Military welcomes first women infantry Marines

Story highlights

  • Women had not been allowed to participate in certain military roles last year
  • The women joining the Marines as infantry graduated from the the School of Infantry

Washington (CNN)An infantry battalion at Camp Lejeune in North Carolina received three historic additions Thursday -- the first women infantry Marines.

The three women will serve in the 1st Battalion, 8th Marine Regiment, with specializations as rifleman, machine gun and mortar, according to 1st Lt. John McCombs, a Marines spokesman.
The identities of the women are not being released at this time to allow them to get acclimated to their unit, McCombs said. The unit already has three females in leadership roles and they will be able to help with the transition, he noted.
    Women had not been allowed to participate in certain military roles until Defense Secretary Ash Carter announced that starting in January 2016, the military would be required to open all combat positions to both males and females.
    Women have been working to fight alongside men for more than 150 years, according to the US military -- going as far back as the Civil War where more than 400 women disguised themselves as men.
    As a new administration readies to take over, it is unclear how Donald Trump will handle the role of women in the military.
    In August 2015, Trump told CNN's Chris Cuomo he would allow women to fight in the military because "they're really into it," but said he would also want to speak to the military about the issue.
    Trump tweeted a comment in 2013 that appeared to raise doubts about women serving. "26,000 unreported sexual assaults in the military-only 238 convictions. What did these geniuses expect when they put men & women together?" Trump wrote.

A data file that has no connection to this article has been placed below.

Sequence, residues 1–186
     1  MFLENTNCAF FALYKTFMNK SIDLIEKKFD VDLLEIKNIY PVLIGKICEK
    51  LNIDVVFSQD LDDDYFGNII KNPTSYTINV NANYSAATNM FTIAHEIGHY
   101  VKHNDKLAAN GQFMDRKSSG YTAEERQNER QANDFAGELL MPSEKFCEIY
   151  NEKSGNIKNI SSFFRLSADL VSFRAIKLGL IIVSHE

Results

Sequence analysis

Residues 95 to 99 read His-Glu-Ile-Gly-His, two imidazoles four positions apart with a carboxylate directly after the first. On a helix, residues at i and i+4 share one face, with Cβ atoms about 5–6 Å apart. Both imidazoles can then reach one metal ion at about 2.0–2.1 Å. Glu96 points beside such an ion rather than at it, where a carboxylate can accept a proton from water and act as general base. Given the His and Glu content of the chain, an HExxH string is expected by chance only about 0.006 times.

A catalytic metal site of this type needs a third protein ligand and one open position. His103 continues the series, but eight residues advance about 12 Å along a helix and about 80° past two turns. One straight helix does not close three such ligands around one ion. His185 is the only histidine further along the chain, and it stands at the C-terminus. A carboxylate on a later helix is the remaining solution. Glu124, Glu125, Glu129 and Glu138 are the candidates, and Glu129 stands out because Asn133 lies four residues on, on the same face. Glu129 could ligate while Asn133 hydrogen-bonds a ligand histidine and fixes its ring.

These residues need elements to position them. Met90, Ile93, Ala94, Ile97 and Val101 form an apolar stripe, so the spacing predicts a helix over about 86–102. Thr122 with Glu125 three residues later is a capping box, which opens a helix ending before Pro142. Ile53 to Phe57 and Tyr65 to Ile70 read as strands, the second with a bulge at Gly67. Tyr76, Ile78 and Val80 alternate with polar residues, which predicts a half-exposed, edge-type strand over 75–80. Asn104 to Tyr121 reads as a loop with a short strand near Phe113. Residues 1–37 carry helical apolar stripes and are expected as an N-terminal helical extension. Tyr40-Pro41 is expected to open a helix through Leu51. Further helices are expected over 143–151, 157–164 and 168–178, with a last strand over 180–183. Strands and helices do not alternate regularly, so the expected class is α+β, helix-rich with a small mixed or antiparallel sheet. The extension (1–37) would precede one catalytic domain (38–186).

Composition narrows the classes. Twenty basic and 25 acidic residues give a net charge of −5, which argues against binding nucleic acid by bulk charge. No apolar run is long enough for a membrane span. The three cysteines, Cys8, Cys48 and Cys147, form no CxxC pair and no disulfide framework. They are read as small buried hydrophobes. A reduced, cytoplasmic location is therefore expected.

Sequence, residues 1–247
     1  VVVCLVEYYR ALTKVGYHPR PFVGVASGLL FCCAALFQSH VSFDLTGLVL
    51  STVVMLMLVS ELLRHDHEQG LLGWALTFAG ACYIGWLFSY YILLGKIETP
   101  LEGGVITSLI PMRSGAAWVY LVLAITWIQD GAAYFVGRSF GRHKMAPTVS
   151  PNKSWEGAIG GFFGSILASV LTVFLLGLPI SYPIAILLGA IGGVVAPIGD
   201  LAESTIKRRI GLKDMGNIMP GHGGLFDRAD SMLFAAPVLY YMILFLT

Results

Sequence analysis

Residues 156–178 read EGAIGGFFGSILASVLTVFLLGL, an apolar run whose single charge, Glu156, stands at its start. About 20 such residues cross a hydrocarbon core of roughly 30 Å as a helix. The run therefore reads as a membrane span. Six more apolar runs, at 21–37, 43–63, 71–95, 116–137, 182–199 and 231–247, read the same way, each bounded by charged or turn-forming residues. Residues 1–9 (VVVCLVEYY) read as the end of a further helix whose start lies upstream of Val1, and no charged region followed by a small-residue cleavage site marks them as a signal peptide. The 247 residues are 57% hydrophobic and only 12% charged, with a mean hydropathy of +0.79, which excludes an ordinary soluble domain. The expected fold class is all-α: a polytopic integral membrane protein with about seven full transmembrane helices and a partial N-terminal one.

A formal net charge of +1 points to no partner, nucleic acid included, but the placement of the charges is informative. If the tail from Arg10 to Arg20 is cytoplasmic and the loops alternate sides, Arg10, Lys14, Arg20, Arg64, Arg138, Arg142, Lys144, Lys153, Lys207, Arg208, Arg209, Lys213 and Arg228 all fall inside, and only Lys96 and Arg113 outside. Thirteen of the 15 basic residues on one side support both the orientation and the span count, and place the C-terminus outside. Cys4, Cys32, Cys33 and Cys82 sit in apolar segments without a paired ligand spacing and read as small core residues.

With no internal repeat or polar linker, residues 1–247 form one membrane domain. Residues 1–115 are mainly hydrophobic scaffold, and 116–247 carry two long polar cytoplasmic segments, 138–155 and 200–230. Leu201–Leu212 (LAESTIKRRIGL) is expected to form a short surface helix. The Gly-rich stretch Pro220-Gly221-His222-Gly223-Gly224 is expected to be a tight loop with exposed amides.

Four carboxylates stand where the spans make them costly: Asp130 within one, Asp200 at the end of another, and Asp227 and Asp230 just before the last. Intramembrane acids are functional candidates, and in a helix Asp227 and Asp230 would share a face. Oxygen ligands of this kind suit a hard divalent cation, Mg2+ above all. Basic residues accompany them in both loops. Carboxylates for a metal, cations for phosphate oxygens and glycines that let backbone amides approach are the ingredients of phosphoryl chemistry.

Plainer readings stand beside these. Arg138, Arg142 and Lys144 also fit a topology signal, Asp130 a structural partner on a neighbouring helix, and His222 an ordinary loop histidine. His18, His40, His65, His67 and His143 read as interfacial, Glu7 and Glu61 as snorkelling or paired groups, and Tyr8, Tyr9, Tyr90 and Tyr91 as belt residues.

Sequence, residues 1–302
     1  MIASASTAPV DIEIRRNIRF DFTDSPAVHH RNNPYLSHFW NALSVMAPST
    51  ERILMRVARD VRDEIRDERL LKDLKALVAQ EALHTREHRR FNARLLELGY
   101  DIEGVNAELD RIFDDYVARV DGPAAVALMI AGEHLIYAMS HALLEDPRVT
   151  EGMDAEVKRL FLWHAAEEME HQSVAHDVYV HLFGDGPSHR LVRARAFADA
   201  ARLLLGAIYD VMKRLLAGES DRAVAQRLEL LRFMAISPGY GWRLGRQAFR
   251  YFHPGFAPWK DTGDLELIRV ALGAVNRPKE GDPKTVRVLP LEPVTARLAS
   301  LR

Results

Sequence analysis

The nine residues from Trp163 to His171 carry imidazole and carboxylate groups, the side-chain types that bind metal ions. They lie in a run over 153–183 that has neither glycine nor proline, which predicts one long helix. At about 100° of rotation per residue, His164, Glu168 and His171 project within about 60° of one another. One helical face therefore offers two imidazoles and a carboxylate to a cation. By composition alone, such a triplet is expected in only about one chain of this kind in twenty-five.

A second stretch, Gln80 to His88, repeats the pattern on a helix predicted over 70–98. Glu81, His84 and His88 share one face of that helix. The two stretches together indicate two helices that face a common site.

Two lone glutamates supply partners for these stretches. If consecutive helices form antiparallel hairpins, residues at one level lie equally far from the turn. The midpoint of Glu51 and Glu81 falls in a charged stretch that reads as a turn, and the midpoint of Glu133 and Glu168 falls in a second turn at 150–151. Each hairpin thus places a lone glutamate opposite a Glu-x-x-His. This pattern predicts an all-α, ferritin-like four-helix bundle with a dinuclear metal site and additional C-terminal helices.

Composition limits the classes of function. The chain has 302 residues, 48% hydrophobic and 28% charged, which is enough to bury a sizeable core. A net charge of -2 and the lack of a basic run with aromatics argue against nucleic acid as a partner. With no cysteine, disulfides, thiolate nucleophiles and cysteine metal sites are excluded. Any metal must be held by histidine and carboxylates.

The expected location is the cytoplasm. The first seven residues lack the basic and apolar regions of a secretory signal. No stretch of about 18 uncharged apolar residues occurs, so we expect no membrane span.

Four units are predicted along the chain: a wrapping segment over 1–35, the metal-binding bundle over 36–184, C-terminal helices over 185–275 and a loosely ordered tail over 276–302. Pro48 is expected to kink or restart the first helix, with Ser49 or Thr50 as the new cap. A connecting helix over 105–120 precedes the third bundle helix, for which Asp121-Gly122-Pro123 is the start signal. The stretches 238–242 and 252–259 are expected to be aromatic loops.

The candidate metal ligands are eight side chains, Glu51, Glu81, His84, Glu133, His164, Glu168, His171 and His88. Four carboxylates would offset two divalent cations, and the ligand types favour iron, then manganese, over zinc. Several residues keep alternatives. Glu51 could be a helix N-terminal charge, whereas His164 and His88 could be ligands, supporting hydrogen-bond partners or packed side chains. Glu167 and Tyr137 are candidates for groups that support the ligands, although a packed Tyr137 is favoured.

When asked about the remark during a campaign forum in September, Trump stood by it. "I think that that's absolutely correct," Trump told NBC's Matt Lauer.
    Trump clarified that he did not think the solution was to take women out of the equation completely. "But something has to happen," Trump said. "Right now, part of the problem is nobody gets prosecuted. You have reported ... you have the report of rape and nobody gets prosecuted."
    Trump's nominee for defense secretary, retired Gen. James Mattis, has made comments suggesting he is wary about female integration into infantry and special operations roles where there is what he called "intimate killing."
    "When you have to reduce standards -- as you would have to do, you would have to do it -- and when you would mix, you know, when you mix eros, when you mix affection for one another that could be manifested sexually, I don't care if you go anywhere in history, you will not find where this has worked. Never has this worked," Mattis said in 2015.
    "We have had numerous cases where you have put healthy young men and women together and you expect them to act like little saints," Mattis added.
    On Wednesday, Mattis met with New York Democratic Sen. Kirsten Gillibrand to talk about the value of women in the military.
    When Gillibrand was asked if she had any policy disagreements with Trump's nominee, she responded: "I do have concerns about the role of women in the military and how sexual assault in the military will be addressed, but I'll ask those questions in the hearing specifically so he can answer them for the record and then make a decision."
    Gillibrand has been a fierce advocate of military sexual assault prevention legislation in Congress and has worked to change how reports of sexual assaults are handled.